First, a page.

Aiden S Everyday Joys

“Children’s Specialized Hospital has provided us with such excellent care. I couldn’t ask for a better team for Aiden.”

Expert Care Provides a Young Patient with the Best Quality of Life

At 8 years old, Aiden Shanklin is wheelchair-dependent, has a sensory processing disorder and functions at the level of a 1-and-a-half-year-old.

He also loves to laugh, listen to the acoustic guitar, ride horseback and swim or run his hands under water. Aiden is doing these things and living his best possible life, thanks to the loving care of his family and the expertise of doctors at Children’s Specialized Hospital (CSH).

“Children’s Specialized Hospital has provided us with such excellent care. I couldn’t ask for a better team for Aiden,” says his mother, Nicole. “They have given us the opportunity to provide him the best quality of life that we can.”

Questions Answered

When Aiden was 9 months old, Nicole became concerned because he had trouble holding his head up and had no trunk control. “When I would go to lift him, it felt as if I were picking up a rag doll,” she says.

A pediatrician diagnosed Aiden with cerebral palsy (CP), a disorder of movement, muscle tone or motor skills caused by damage to or abnormal development of the brain. CP symptoms often include exaggerated reflexes, floppy or rigid limbs and involuntary motions.

Aiden lived with this diagnosis for six years. Then he was taken to see Adam Aronsky, MD, a developmental and behavioral pediatrician at CSH in Mountainside. Dr. Aronsky felt that Aiden’s clinical picture did not align with those of CP patients and suggested that he undergo genetic testing. That led to the discovery that Aiden actually had a GRIN2B mutation, a genetic disorder with symptoms very similar to those of CP.

“Because the symptoms of CP and GRIN2B-related syndrome are so similar, our treatment plan has not changed,” Nicole says. “However, the new diagnosis has provided a lot of answers to my questions.”

Aiden now sees three physicians at the CSH Mountainside location who work together to help with his treatment plan.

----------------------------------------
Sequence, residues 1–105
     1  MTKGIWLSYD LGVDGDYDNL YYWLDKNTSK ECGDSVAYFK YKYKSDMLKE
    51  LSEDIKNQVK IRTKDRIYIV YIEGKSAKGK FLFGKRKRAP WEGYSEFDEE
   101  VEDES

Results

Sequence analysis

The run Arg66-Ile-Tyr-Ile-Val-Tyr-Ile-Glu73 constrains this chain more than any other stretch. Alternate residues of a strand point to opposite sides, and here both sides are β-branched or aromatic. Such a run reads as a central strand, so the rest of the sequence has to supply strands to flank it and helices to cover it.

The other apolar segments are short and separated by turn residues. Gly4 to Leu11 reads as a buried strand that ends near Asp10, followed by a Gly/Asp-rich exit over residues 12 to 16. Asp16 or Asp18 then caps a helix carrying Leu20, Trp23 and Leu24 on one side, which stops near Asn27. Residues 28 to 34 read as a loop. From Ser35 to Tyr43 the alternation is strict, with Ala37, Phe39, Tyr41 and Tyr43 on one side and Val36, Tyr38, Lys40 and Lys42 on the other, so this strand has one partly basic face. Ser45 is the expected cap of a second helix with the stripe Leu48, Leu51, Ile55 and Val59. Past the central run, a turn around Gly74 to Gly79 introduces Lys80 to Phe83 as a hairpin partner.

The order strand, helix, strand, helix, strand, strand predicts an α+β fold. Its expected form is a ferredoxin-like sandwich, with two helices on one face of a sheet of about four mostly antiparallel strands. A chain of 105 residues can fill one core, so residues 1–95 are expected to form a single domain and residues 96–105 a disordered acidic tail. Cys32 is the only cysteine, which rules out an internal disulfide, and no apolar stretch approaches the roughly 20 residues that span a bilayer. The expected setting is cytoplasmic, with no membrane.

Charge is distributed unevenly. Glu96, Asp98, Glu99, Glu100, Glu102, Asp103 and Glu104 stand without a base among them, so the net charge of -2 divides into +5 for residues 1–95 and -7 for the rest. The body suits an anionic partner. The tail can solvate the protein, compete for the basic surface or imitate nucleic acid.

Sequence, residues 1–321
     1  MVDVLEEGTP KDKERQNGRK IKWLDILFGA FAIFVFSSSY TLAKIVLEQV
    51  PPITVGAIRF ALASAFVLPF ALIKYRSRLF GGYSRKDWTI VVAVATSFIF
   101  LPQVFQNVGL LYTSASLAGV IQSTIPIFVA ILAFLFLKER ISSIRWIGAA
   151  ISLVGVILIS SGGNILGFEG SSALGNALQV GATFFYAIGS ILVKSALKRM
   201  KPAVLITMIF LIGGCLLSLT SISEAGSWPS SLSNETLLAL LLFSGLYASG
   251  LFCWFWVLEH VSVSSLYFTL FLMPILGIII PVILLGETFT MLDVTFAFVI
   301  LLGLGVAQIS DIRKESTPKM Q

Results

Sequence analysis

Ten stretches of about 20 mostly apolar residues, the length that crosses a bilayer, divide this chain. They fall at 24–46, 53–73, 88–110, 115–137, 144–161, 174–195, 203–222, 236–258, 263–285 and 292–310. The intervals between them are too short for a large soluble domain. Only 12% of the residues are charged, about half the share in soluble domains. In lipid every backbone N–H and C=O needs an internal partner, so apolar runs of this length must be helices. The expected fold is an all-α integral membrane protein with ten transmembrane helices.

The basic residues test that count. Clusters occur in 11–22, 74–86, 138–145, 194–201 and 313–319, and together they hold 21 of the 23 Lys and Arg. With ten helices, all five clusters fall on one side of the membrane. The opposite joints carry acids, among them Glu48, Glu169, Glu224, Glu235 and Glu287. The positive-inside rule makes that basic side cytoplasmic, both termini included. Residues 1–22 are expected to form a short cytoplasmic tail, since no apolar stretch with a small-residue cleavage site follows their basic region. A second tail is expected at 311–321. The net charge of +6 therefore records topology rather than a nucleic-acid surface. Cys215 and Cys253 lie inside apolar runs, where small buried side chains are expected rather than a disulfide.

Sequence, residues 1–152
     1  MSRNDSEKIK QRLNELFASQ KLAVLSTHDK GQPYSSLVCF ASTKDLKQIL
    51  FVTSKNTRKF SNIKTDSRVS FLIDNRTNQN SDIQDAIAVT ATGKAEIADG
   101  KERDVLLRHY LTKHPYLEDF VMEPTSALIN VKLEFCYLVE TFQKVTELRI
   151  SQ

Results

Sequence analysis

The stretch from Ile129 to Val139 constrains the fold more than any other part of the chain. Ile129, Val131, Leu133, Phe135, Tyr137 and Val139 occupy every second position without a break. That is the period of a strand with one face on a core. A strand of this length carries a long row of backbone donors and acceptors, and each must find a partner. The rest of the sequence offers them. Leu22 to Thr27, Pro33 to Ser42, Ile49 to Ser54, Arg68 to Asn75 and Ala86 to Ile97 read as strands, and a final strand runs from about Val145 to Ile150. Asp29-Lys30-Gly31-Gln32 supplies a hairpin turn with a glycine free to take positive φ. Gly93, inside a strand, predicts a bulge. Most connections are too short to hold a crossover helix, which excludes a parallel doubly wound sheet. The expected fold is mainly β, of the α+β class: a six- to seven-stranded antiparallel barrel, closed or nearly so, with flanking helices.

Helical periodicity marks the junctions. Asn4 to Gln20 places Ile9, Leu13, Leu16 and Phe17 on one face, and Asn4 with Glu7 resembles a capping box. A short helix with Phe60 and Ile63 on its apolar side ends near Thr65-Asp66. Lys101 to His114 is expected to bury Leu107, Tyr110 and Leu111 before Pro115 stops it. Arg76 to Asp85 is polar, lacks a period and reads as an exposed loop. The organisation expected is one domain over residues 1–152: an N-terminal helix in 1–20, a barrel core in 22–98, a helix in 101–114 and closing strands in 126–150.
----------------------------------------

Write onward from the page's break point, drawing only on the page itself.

Dr. Aronsky treats Aiden’s bone and muscle function. JenFu Cheng, MD, a physical medicine and rehabilitation physician (physiatrist), provides Botox injections that assist with the parts of Aiden’s body that have high muscle tone (spasticity). Neurologist Andrea Richards, MD, assesses any episodes he may have. For example, when there was concern that a laughing condition was a sign of a seizure, she was able to determine that it was just part of Aiden’s personality.

“This experience has taught me that it’s OK to ask questions, even if you think they don’t make sense or seem silly,” Nicole says.

“I encourage other families going through similar experiences to go with their gut, ask questions, research everything you can and share your experiences with others. You never know who will benefit from your story.”

To learn more, visit Children’s Specialized Hospital or call 1-888-244-5373.

About Children's Specialized Hospital

At Children’s Specialized Hospital, we provide world-class care for children and young adults who face special health challenges across the state of New Jersey and beyond. We treat everything from chronic illnesses and complex physical disabilities, like brain and spinal cord injuries, to developmental and behavioral issues, like autism and mental health conditions. We have convenient locations throughout the state: Bayonne, Clifton, East Brunswick, Egg Harbor Township, Hamilton, Jersey City, Mountainside, New Brunswick, Newark, Toms River and Warren.